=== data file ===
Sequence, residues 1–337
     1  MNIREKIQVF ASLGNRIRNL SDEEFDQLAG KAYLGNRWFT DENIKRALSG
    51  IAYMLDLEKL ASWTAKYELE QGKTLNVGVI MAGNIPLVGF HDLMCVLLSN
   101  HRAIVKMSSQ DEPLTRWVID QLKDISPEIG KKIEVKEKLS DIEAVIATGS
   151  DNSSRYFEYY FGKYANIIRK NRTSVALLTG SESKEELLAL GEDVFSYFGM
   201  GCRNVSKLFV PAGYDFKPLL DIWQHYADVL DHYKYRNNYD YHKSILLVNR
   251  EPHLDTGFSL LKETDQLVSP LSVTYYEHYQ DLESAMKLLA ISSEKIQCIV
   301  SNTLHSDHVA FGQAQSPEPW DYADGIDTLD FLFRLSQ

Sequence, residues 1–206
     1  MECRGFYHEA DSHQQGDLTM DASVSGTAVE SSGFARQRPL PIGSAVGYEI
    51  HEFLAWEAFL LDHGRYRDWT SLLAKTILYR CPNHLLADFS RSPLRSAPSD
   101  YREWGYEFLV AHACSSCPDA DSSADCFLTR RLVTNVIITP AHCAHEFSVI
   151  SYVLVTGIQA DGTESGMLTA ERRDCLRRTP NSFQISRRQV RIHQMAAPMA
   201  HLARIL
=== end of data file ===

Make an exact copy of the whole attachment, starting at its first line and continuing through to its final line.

Sequence, residues 1–337
     1  MNIREKIQVF ASLGNRIRNL SDEEFDQLAG KAYLGNRWFT DENIKRALSG
    51  IAYMLDLEKL ASWTAKYELE QGKTLNVGVI MAGNIPLVGF HDLMCVLLSN
   101  HRAIVKMSSQ DEPLTRWVID QLKDISPEIG KKIEVKEKLS DIEAVIATGS
   151  DNSSRYFEYY FGKYANIIRK NRTSVALLTG SESKEELLAL GEDVFSYFGM
   201  GCRNVSKLFV PAGYDFKPLL DIWQHYADVL DHYKYRNNYD YHKSILLVNR
   251  EPHLDTGFSL LKETDQLVSP LSVTYYEHYQ DLESAMKLLA ISSEKIQCIV
   301  SNTLHSDHVA FGQAQSPEPW DYADGIDTLD FLFRLSQ

Sequence, residues 1–206
     1  MECRGFYHEA DSHQQGDLTM DASVSGTAVE SSGFARQRPL PIGSAVGYEI
    51  HEFLAWEAFL LDHGRYRDWT SLLAKTILYR CPNHLLADFS RSPLRSAPSD
   101  YREWGYEFLV AHACSSCPDA DSSADCFLTR RLVTNVIITP AHCAHEFSVI
   151  SYVLVTGIQA DGTESGMLTA ERRDCLRRTP NSFQISRRQV RIHQMAAPMA
   201  HLARIL